METALCRAFT INDUSTRIES LTD V CHRISTIE HC WHA CIV-2006-488-645 [2007] NZHC 52 (15 February 2007)





UNDER the District Courts Act 1947


IN THE MATTER OF an appeal against a judgment of the District

Court at Dargaville dated 6 September 2006









Hearing: 9 February 2007


Appearances: Andrew Hazelton for Appellant

Gregory Clarke for Respondent


Judgment: 15 February 2007








In accordance with R540(4) I direct that the Registrar

endorse this judgment with the delivery time of

2.30 pm on 15 February 2007






Hazelton Law (Wellington) for Appellant

Pegg Ayton Gordon (Dargaville) for Respondent




HC WHA CIV-2006-488-645 15 February 2007






[1] This appeal by a contractor against a decision in the District Court refusing to

enter summary judgment against its principal raises one discrete issue.



[2] The question is whether a letter sent by the principal's solicitor in response to

the contractor's payment claim constitutes a payment schedule within the meaning of

s 21(3) Construction Contracts Act 2002. If so, it was sufficient to justify the principal withholding payment on the contractor's claim; if not, the claim constitutes a debt enforceable in the District Court: ss 22 and 23.



District Court


[3] The relevant facts and statutory provisions are set out with clarity in Judge

Keith de Ridder's decision delivered in the District Court at Dargaville on 6 September 2006. As a result it is only necessary for me to provide a truncated summary of the background circumstances.



[4] Ms Linda Christie owns a property at Ruawai, near Dargaville. On 20 June

2005 she accepted a written quotation from Metalcraft Industries Ltd to install a new

roof on her dwelling for the sum of $8252 plus GST. It is now common ground that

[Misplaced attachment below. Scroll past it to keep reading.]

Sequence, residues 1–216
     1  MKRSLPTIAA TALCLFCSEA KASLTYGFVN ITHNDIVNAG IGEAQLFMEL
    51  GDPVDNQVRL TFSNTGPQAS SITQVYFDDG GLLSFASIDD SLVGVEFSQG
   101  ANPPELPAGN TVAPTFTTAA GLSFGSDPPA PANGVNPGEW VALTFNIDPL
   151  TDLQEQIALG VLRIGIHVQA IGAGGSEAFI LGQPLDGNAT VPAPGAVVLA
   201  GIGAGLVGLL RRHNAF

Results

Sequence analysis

the provisions of the Construction Contracts Act governed the contractual

relationship: ss 5, 6, 9, 10 and 12.



[5] A dispute arose between the parties about the quality of Metalcraft's work

performed through a subcontractor in July 2005. On 9 August Ms Christie's

solicitors, Pegg Ayton Gordon, wrote to Metalcraft summarising the nature of her

complaints in these terms:


We had received instructions from Ms Christie last week and as a result of

that she made contact with your company giving your company a final

opportunity to complete her roofing job which was supposed to be

undertaken early June this year. Our client is appalled and distressed by the

delays in this matter not least the initial poor workmanship which led to

significant leaking and water damage to her home. After assurances from

your company she was prepared to give a final opportunity for your company to

honour its side of the contract and attend to the work. We understand one and a half days' work was done following our client's recent complaint, last week, however, no-one showed up Monday this week or today. Our client received a call from Mr Comber's labourer, a `courtesy' call, last night explaining that they had not attended the job because of wet weather.


Yesterday the weather was fine in Ruawai and the job could have been attended to.


The conduct of your company, the broken promises, the delays, the poor

workmanship, have already led to our client being hospitalised by the stress

caused to her. She is unwell, suffers from a terminal illness and is not able

to tolerate any further delays or problems.


We give, on behalf of our client, this formal and final ultimatum. If your

company does not arrange for suitably qualified roofers to attend our client's

property tomorrow, 10 August 2005, and then continuously during normal

working hours until the job is completed, their being absent only with our

client's prior written consent given through this office, the contract will be

cancelled, due to the ongoing serious and fundamental breaches.


If our client is forced to cancel the contract she will be hiring another

available and suitably qualified roofer, and will be deducting the costs of that

contract, and her expenses to date from the sum contracted for completion of

the work.


If our client is forced to take these steps it is likely proceedings will issue for

the recovery of any excess losses incurred by our client, and for the damage

caused by your contractors to date, which have been the subject of two, as

yet unresolved, insurance claims.



[6] The following day Pegg Ayton gave notice of cancellation of the contract on Ms Christie's behalf. Metalcraft rejected the notice, but later cancelled on 31 August

following Pegg Ayton's advice that Ms Christie had `... arranged an independent

contractor to complete the work and this has predominantly been completed'.